I remember having to regularly share what my “ambitions” (cita-cita) were during my early schooling years, and trying to think about what the future held for me. Most of the kids around usually went for the obvious choices: doctor, lawyer, engineer, or even police. But there were always a few inspired kids who insisted:
I want to be an astronaut.
I don’t personally know anyone who went on to fulfill this particular ambition, with the opportunities in space travel proving to be fairly limited for most regular folks. But what about those who still have dreams of piloting a spaceship into the great unknown?
SpaceX, an aerospace company, has just released an online simulator that lets you pilot the Crew Dragon spaceship and try your hand at docking the spacecraft at the International Space Station (ISS). SpaceX is currently preparing for its first mission with human passengers, which will see NASA astronauts make their way to the ISS for a 6-month stay.
In any case, if you’re interested in the new simulator, it’s free-to-use, and can be loaded up on your browser without any required installations. Click here for the simulator.
There are a number of controls that you’ll need to use to navigate the spaceship towards the ISS, which you can control with your directional keys, as well as the ASDW combination that First-Person-Shooter (FPS) players should be accustomed to. However, controlling the spaceship is an incredibly hard thing to do—or maybe I’m the only person who struggled quite that much.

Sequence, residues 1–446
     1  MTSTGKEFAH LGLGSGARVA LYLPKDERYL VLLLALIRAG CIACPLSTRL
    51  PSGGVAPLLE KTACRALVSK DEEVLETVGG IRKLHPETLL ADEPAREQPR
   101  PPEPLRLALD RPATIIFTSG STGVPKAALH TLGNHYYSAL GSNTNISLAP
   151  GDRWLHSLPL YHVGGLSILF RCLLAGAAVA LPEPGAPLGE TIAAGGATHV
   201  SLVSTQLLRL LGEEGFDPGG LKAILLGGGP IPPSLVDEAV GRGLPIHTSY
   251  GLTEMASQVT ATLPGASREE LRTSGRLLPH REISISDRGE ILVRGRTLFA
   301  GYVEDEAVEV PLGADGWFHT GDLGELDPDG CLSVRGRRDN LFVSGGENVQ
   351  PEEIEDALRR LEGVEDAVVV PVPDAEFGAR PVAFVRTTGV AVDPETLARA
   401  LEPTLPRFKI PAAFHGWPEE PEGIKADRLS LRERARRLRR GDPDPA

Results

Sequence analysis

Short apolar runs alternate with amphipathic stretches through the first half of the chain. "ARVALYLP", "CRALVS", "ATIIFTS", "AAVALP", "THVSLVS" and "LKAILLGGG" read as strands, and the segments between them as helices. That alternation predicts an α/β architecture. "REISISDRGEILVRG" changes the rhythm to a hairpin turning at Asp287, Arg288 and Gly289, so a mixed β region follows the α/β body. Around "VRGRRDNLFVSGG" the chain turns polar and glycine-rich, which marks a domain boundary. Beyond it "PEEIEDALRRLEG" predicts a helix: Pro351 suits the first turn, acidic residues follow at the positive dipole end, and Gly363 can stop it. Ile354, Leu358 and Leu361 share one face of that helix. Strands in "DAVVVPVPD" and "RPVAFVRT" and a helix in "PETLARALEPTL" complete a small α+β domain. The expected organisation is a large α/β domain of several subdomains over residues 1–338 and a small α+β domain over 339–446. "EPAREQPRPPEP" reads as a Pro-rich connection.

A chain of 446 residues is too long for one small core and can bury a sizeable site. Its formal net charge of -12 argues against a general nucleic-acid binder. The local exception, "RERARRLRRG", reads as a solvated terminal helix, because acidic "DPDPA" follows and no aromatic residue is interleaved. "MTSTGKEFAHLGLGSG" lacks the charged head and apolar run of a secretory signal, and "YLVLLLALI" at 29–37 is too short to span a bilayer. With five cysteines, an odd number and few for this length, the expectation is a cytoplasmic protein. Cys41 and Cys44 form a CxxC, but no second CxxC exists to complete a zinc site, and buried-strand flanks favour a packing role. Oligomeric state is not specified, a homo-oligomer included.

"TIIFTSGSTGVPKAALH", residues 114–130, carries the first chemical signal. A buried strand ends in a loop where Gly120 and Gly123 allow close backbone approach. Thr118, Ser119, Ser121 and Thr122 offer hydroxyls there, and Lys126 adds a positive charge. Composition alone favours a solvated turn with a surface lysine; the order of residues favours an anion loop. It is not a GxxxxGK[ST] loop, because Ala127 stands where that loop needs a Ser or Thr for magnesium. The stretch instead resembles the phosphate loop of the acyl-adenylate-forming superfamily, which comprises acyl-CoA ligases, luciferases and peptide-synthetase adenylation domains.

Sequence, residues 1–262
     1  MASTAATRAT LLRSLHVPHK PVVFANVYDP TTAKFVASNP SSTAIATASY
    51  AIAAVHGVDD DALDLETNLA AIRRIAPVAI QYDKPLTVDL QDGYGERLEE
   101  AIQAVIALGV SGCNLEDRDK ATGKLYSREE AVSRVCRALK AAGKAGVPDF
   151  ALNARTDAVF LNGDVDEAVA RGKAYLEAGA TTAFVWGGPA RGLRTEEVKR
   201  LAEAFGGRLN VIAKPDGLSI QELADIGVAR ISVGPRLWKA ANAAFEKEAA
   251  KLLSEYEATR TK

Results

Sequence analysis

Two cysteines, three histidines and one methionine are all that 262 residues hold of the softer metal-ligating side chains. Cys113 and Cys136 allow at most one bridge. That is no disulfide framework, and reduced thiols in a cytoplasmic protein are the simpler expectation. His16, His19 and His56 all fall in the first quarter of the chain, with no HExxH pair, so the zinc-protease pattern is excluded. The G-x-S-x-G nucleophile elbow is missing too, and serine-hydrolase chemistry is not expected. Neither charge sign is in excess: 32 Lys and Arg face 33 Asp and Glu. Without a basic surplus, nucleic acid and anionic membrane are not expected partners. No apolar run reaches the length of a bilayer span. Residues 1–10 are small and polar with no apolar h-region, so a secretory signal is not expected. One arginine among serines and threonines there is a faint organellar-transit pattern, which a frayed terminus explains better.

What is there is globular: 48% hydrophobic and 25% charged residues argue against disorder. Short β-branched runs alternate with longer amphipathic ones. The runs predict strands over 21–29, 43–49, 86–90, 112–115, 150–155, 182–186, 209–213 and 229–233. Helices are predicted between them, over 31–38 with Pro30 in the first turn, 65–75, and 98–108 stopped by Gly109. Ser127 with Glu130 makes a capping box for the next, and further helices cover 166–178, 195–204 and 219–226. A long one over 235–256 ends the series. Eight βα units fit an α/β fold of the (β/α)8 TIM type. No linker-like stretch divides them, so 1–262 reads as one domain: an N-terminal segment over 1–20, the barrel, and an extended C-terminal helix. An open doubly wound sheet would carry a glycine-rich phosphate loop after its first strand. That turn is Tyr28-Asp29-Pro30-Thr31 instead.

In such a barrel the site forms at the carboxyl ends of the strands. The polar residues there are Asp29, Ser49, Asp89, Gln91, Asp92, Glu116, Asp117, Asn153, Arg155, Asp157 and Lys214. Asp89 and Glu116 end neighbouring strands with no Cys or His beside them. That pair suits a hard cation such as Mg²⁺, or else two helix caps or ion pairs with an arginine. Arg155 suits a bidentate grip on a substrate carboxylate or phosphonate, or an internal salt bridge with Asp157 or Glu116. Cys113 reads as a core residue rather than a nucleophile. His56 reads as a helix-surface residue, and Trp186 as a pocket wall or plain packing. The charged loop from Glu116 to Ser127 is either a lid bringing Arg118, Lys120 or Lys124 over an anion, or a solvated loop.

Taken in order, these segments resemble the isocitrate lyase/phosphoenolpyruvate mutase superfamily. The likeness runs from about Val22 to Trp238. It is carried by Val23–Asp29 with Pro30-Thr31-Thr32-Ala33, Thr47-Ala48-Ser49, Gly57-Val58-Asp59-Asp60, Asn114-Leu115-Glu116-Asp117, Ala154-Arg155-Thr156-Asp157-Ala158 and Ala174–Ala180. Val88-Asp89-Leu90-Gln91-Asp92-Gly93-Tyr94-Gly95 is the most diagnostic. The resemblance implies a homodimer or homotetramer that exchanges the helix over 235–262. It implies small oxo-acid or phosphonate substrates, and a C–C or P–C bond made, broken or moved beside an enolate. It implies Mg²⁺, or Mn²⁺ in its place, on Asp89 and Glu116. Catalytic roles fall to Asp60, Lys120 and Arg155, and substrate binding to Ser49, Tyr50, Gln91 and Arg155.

When the simulator begins, you find yourself sitting in the cockpit of the Crew Dragon spaceship, with the ISS sitting straight ahead. In a blink, you’ll find that your view of the space station moves around randomly, and your task is to right the ship and approach the docking station of the ISS.
I’ll admit: I never successfully docked my spaceship at the ISS, despite multiple attempts. In fact, I’m still feeling rather dizzy from my brief foray into space, so my admiration for real astronauts has gone up tenfold in the past hour or so.
Still, it’s worth noting that the actual Crew Dragon is designed to automatically dock at the ISS when it does set off on its maiden voyage, and astronauts won’t be required to manually control the docking procedure.
So, what are you waiting for? This is your chance to prove your driving chops—in space. Oh, and if any of you successfully dock your spacecraft, be sure to let me know in the comments section below.
[ VIA ]